……..
……..

52. Even otherwise, the Revenue has not cited any direct case law of the jurisdictional High Court of Bombay before us. In the case laws cited by the Revenue of the Hon’ble Karnataka High Court in the matter of “CIT vs. Samsung Electronics Company Ltd.” (supra) and “ClT vs. Synopsis International Old Ltd.” (supra) though a view in favour of the Revenue has been taken, but, the Hon’ble Delhi High Court in the case of “D1T vs. Infrasoft Ltd.” (supra) which is a latter decision and has discussed the Samsung case also has taken the view in favour of the assessee. The Hon’ble Delhi High court has taken the identical view favoring the assessee in the case of “D1T vs Nokia Network” (supra) and in the case of “DIT vs. Ericson A.B.” (supra) also. The Hon’ble Bombay High gaud in the case of “The Addl. Commissioner of Sales Tax vs. M/s Ankit international,” Sales Tax Appeal No.9 of 2011 vide order dated 15 September, 2011 while relying upon the decisions of the Hon’ble Supreme Court in “The Commissioner of Income Tax V. Vegetable Product Ltd.” (1973) 88 ITR 192 and in “Mauri Yeast India Pvt. Ltd. V. State of UP.” (2008) 14 VST 259(SC) (2008) 5 S.C. C. 680 has held that, if two views in regard to the interpretation of a provision are possible, the Court would be justified in adopting that construction which favours the assessee. Reliance can also be placed in this regard on the decision of Hon’ble Supreme Court in “Bihar State Electricity Board and another vs. M/s. Usha Martin Industries and another: (1997) 5 SCC 289. We accordingly adopt the construction in favour of the assessee. In view of our discussion made above, this issue is accordingly decided in favour of the assessee.”

(v) In Galatea Limited v. DCIT it was held that payment for the copyrighted article will not be taxed as “Royalty” as defined under the Article 12(3) of India-Israel tax treaty. The Bench observed as under: –

“35. Thus, the status of the provisions in the treaty is kept same as was in the pre- amended law as contained in the provisions of the Act. According to these provisions of the treaty, as has been explained in various judgments, transfer of copyright is different from transfer of copyrighted article. Thus, in view of the facts before us, even if the payment for software is taxed separately from hardware, on a standalone basis, even then the same would not fall within the scope of Article 12(3) since there was merely transfer of a copyrighted article, and not the copyright or any rights contained therein.”)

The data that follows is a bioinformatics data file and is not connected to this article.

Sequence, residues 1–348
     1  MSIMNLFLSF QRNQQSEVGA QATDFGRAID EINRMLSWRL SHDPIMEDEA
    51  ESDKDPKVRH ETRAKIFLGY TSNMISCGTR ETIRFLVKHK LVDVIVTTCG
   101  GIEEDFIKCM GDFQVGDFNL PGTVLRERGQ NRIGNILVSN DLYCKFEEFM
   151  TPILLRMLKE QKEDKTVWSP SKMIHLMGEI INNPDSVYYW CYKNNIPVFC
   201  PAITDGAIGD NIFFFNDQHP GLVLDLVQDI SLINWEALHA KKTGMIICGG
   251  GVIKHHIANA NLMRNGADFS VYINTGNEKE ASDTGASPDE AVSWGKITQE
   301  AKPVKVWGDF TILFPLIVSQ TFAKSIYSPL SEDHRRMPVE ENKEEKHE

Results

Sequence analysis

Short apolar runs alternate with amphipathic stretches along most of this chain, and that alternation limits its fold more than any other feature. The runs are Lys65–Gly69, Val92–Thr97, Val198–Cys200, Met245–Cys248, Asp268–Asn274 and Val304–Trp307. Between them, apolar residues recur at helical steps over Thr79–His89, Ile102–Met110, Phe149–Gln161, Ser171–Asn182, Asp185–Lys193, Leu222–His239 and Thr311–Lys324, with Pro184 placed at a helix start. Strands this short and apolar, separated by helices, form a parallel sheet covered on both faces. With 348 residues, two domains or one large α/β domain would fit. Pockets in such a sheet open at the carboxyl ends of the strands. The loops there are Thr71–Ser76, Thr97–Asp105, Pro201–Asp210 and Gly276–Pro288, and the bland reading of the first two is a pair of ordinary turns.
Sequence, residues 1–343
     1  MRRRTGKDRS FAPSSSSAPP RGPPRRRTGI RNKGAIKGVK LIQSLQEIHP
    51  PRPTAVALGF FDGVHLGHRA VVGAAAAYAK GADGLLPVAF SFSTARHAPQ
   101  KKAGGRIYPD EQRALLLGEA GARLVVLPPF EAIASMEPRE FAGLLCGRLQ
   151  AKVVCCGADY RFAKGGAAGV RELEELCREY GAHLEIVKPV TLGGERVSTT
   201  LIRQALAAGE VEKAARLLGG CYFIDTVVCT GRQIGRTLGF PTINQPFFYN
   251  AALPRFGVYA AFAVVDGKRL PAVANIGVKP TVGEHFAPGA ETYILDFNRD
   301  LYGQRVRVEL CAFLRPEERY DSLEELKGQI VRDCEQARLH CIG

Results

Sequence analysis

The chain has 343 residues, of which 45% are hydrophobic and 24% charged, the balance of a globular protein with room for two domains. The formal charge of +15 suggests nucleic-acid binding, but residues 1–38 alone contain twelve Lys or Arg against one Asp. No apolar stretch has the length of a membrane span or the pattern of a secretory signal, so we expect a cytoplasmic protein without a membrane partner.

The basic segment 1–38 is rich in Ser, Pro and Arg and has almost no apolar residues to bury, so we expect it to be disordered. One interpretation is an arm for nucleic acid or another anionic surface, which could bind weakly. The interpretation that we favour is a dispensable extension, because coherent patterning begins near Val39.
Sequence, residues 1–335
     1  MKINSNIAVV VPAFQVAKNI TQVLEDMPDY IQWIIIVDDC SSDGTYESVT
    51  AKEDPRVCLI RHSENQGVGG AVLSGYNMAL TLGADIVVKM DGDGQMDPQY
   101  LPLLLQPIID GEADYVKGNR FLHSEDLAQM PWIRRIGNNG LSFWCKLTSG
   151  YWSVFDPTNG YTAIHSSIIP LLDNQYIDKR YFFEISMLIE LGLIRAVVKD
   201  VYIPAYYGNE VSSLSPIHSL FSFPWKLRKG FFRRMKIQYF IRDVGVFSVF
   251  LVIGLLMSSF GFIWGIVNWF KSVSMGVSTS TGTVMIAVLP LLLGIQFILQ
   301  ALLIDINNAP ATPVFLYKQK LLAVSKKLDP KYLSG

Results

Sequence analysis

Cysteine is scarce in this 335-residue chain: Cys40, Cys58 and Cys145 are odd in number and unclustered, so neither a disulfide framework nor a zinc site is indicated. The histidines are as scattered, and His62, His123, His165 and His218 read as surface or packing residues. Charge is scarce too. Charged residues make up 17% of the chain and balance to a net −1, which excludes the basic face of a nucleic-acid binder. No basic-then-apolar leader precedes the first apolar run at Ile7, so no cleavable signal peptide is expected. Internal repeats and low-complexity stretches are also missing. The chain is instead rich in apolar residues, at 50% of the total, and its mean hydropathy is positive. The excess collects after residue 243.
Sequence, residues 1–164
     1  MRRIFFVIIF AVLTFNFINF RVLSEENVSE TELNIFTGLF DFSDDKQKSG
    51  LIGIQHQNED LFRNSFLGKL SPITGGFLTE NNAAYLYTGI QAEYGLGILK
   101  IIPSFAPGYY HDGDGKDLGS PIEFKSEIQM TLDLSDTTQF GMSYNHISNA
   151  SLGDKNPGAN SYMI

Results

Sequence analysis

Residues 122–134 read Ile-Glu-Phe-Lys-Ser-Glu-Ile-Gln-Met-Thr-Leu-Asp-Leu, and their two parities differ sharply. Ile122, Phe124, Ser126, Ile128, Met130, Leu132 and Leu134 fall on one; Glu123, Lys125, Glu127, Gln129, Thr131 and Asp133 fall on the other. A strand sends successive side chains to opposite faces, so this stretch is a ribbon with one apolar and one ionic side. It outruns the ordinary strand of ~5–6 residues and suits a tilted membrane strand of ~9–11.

(vi) The Hon’ble Delhi High Court in the case of Nokia Networks OY (supra) held that the payment for copyrighted article does not fall within the purview of ‘Royalty’ under the DTAA. The Hon’ble Delhi High Court observed as under: –

“59. Be as it may, in order to qualify as royalty payment, within the meaning of Section 9(1)(vi) and particularly clause (v) of Explanation-II thereto, it is necessary to establish that there is transfer of all or any rights (including the granting of any license) in respect of copy right of a literary, artistic or scientific work. Section 2(o) of the Copyright Act makes it clear that a computer programme is to be regarded as ‘literally work’. Thus, in order to treat the consideration paid by the cellular operator as royalty, it is to be established that the cellular operator, by making such payment, obtains all or any of the copyright rights of such literary work. In the present case, this has not been established. It is not even the case of the Revenue that any right contemplated under Section 14 of the Copyright Act, 1957 stood vested in this cellular operator as a consequence of Article 20 of the Supply Contract. Distinction has to be made between the acquisition of a ‘copyright right” and a “copyrighted article.